“It’s going to take the private sector, government, non-profit sectors but also those young entrepreneurs getting out there, being the role models and being leaders in their own communities, and spreading that message, [and] the media – we need to highlight this wherever we can to build this spirit collectively,” the Branson Center of Entrepreneurship’s chief executive, Tracey Webster, told CNBC Africa.
Global Entrepreneurship Week is a celebration of the entrepreneurial spirit. It aims to inspire a generation of pioneers and innovators to launch start-ups that not only bring ideas to life but also drive economic growth and create employment.
“It’s a fantastic opportunity to highlight and showcase entrepreneurs in South Africa. So many people, specifically the youth, are expecting that their jobs are going to come from government or large corporates,” Webster explained.
“What we get to see every day is young, dynamic, tenacious entrepreneurs in communities that are starting up their own businesses, taking responsibility for creating their own jobs and more importantly, creating jobs for unemployed people in their own communities.”
Octavius Phukubye, head of enterprise development at the SAB Kickstart programme, believes that the time has passed for South Africans to be looking to government for job opportunities.
“The three devils that everybody talks about [are] unemployment, poverty and inequality. The creation of jobs, and that’s the role entrepreneurs play, there’s a close link to that. When somebody has a job created for them by an entrepreneur, their income levels change, they are able to feed more members of their family, they’re able to increase the quality of their life, but that’s starts with entrepreneurs,” he said.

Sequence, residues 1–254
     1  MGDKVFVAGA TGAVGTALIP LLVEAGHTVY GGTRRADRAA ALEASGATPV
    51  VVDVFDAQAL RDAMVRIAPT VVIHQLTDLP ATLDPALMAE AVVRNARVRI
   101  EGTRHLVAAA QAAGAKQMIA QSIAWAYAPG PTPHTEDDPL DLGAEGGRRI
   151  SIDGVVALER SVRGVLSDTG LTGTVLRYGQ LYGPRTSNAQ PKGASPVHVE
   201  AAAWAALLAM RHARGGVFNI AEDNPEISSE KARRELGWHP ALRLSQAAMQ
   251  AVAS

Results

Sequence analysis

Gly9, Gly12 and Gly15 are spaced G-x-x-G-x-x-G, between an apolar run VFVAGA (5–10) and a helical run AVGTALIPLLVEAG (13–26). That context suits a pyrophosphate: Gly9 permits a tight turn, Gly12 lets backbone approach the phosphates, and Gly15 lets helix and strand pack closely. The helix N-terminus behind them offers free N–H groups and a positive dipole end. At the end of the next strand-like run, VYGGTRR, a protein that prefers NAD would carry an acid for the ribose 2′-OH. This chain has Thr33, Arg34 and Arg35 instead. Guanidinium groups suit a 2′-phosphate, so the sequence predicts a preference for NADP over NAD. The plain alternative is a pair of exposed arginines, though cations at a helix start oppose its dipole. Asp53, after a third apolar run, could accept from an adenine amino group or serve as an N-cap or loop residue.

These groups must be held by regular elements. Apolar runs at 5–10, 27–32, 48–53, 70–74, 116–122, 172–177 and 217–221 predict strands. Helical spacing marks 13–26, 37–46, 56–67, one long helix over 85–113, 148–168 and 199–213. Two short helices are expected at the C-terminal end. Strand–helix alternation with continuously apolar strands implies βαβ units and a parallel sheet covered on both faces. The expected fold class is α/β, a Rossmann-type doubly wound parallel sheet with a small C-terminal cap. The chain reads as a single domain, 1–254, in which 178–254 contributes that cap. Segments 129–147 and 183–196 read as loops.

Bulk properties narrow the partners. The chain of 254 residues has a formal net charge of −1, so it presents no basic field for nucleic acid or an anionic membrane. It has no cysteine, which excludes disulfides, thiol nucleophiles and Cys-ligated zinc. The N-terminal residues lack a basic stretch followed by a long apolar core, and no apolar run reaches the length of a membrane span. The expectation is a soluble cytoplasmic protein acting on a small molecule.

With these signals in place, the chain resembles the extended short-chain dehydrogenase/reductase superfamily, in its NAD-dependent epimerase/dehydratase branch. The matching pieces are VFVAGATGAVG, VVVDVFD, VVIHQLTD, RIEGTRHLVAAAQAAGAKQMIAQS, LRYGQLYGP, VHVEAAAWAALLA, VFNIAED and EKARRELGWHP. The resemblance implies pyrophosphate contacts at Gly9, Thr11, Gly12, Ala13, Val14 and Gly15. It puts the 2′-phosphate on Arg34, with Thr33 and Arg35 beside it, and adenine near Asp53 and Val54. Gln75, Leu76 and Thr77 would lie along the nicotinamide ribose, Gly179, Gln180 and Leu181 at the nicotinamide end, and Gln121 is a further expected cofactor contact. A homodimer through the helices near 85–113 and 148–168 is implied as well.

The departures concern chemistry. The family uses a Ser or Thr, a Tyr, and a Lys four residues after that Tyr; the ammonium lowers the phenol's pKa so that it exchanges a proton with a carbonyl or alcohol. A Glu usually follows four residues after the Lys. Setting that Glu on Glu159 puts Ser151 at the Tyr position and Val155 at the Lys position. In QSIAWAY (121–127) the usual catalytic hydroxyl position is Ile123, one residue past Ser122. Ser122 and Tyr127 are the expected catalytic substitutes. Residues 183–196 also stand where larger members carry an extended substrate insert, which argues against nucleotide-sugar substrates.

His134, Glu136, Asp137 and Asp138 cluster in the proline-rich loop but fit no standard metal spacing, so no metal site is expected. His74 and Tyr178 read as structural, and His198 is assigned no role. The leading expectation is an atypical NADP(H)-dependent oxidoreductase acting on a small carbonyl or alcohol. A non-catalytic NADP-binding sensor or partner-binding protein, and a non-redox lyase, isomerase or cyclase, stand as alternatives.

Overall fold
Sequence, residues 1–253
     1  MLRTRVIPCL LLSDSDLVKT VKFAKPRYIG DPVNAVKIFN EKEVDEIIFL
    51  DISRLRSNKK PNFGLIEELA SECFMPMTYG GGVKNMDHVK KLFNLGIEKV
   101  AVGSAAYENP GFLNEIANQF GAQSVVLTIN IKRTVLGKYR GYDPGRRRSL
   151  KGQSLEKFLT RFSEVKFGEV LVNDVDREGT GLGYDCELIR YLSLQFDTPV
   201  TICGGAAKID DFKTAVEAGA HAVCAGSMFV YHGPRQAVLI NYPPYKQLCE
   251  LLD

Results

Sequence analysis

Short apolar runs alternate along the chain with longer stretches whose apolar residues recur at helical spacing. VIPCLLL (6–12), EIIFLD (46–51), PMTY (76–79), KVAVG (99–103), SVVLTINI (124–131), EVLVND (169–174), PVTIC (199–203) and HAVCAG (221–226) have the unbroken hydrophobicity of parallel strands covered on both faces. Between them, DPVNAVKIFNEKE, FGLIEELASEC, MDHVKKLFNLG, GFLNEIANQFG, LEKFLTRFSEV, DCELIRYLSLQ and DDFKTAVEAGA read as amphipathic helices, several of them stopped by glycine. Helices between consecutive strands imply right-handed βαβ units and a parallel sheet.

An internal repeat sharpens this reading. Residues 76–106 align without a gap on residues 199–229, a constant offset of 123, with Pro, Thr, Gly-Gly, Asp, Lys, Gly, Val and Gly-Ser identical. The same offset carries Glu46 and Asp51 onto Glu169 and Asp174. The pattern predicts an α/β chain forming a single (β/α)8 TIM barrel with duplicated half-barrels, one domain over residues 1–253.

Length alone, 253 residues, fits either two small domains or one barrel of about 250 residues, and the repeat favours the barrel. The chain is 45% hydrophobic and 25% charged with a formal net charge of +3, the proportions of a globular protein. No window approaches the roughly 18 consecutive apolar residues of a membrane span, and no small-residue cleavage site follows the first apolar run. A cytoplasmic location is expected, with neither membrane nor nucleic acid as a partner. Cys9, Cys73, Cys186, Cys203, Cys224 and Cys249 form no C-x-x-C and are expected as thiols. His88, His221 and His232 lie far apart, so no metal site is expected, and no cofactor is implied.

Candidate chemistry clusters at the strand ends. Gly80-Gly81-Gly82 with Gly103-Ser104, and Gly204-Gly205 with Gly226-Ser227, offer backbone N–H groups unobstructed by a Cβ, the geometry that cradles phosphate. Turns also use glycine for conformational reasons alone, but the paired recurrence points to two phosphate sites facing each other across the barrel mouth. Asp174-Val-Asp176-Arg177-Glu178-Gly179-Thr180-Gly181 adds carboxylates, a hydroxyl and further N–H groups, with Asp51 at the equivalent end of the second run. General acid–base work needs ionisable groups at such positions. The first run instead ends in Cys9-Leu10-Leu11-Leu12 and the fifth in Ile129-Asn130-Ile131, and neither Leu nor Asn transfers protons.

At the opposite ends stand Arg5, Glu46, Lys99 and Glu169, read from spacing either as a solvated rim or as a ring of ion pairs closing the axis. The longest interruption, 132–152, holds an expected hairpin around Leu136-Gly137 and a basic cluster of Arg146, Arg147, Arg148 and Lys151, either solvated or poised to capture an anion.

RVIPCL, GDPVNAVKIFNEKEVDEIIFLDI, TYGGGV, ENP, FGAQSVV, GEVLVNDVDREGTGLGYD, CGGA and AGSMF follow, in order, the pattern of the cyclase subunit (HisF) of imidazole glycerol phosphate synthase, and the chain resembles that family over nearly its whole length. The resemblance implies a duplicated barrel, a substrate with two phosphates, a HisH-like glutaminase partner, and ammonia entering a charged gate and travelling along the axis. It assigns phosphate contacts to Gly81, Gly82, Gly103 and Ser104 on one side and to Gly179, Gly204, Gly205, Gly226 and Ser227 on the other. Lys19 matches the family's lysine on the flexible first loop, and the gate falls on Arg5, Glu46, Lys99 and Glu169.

Dumi Jere, an associate chartered accountant said, “Entrepreneurs are saying government is not going to do it for us. Let’s take it into our hands and do it ourselves, with different platforms that are coming up to drive entrepreneurship”.
He maintained that with regards to entrepreneurship, one has to have the love for it and that the other players in the equation are simply there to make the environment conducive.
Phukubye concluded, “Running a business requires a lot of skills, it requires an understanding of what you’ve got to be focusing on to try and manage growth. When guys have the passion, they still need to understand the complexities – the key areas that are required to run a business”.